Tuesday, September 23, 2008


Well, they did. Yup, hundreds of nice folks came out to Wantagh park in Long Island for the annual Make-A-Wish Foundation picnic. Highlighting the diverse menu was pork, as in the kind from a pig, like the one they suspended over coals and roasted.
Let me just say it was tender AND delicious. Unfortunately, the Make-A-Wish Foundation, its organizers and this blog were inundated with protest emails from animal rights activists and Vegans.

"Hi George - I found your blog when I was looking this Make-a-Wish event up, as I had gotten an email on it, and always check things out before commenting. The Make-a-Wish Foundation is a wonderful organization. I have donated, and know of people that it helped. I am a vegetarian," begins one email.

"While I am not militant in my actions, and try not to impose my views on others, I do have strong convictions. This is a family event. The idea of having a whole pig like that is cruel. Why someone would think that would be family type entertainment is, frankly, beyond my understanding," she continues.

What does a "family" event have to do with it? There are plenty of families around the country, who live on farms and in rural communities who derive most of their food from livestock. They get eggs from hens, milk and beef from cows, pork from pigs and they chase down a turkey on Thanksgiving, chop its head off, pluck the feathers, cook it up and eat it. Believe it or not, those nice, blood red fillets you see in the supermarket come from cows! And guess what, they're dead!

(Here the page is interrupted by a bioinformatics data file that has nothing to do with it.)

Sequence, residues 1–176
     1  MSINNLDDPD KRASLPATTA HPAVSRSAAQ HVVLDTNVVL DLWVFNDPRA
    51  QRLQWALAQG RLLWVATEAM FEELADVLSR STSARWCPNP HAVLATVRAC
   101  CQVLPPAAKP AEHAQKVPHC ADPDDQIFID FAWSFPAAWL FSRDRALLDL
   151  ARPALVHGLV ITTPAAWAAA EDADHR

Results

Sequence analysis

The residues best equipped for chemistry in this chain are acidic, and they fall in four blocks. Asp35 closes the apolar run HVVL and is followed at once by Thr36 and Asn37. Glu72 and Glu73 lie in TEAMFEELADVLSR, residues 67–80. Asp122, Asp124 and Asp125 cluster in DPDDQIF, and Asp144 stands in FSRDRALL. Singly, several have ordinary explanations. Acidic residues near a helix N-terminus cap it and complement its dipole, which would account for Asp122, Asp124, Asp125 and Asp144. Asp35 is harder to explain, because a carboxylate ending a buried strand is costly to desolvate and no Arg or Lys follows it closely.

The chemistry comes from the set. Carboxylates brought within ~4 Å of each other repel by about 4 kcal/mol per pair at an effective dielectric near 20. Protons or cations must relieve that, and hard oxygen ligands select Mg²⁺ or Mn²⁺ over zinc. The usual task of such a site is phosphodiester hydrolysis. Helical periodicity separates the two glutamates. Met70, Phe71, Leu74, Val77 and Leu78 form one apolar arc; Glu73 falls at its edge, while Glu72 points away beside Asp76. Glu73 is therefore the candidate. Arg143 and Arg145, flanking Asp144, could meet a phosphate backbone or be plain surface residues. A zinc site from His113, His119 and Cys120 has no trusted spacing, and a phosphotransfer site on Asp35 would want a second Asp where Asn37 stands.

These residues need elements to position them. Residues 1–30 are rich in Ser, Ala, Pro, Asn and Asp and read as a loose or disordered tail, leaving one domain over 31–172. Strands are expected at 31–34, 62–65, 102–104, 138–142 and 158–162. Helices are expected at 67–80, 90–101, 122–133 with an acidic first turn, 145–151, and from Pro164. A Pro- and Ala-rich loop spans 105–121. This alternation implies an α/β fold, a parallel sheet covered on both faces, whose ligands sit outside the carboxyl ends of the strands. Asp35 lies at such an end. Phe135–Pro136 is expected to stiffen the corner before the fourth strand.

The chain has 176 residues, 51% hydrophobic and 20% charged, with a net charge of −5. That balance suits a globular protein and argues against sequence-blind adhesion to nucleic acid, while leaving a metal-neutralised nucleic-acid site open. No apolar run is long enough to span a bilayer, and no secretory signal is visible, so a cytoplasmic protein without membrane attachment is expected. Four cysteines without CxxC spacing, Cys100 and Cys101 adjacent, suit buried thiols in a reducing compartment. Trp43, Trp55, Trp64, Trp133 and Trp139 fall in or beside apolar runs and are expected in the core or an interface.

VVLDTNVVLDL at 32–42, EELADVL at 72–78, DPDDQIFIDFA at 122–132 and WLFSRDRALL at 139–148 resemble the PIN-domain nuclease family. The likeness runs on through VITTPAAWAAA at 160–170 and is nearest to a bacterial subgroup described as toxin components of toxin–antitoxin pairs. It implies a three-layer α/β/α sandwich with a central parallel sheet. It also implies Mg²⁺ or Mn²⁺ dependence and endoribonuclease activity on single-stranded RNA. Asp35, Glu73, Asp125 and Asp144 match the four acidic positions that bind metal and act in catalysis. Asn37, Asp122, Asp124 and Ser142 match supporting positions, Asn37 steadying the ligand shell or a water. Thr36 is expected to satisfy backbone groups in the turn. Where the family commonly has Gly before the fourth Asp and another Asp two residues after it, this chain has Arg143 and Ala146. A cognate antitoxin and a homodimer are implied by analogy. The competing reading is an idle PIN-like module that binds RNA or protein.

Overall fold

"I have 2 boys, and yep, they eat meat. It's their choice. Vegetarianism is mine. For an organization that is all about compassion, this act does not seem very compassionate to me. Have a barbecue, offer vegetarian options for those who may not want meat, or may want to try them. But a whole pig?"

Oh, so her children DO eat meat.....and where do they think that meat came from, a tree? God forbid, if her children ever saw Mom picking fruit from a tree. How cruel. Where's the compassion for the passion fruit? In case you were wondering, the pig was roasted, primarily before the event began and out of sight of any young or offending eyes. The pig was sliced into nice, tender, non-offending morsels and placed on lovely platters for serving. And, indeed there was more than just pork. Besides the burgers and dogs, the buffet table was filled with pastas, salads and yes, even fruit.

"I know the first time I saw a pig like that, is was pretty disturbing, and I ate meat at the time. So maybe there are better options?"

Better options? Like a salad bar? Come on, snap out of it. Prior to supermarkets, where the meat is presented in pleasant to look at slabs, us humans would hunt for our food. That meant killing live animals and eating the cooked flesh (meat as you know it.) Hunters do that today, some for sport and many for survival.

A few years ago, I spent Thanksgiving with a Colorado family that owned a rural farm. The morning before the big feast, the three children would go out to the turkey coop and select a plump looking bird.

They even had names. Little Sarah piped up, "Let's eat Benny." 8-year-old Brandon pouted, "Sarah picked last year. I want Tom (the turkey)." Jessica countered, "he's not big enough." Once they picked the bird, it would be released in the pen and the children would chase it down, catch it and give it to dad to chop off its head. Still, running around (like a chicken with its head cut off), Dad picked up the turkey and hung it upside down to drain the blood. The next day, the turkey would be skinned and prepped for meal time.

I'll be attending next year's charity picnic and I would encourage your children to come out and take a look at the pig while it's being roasted, just so they know, where the other white meat really comes from.

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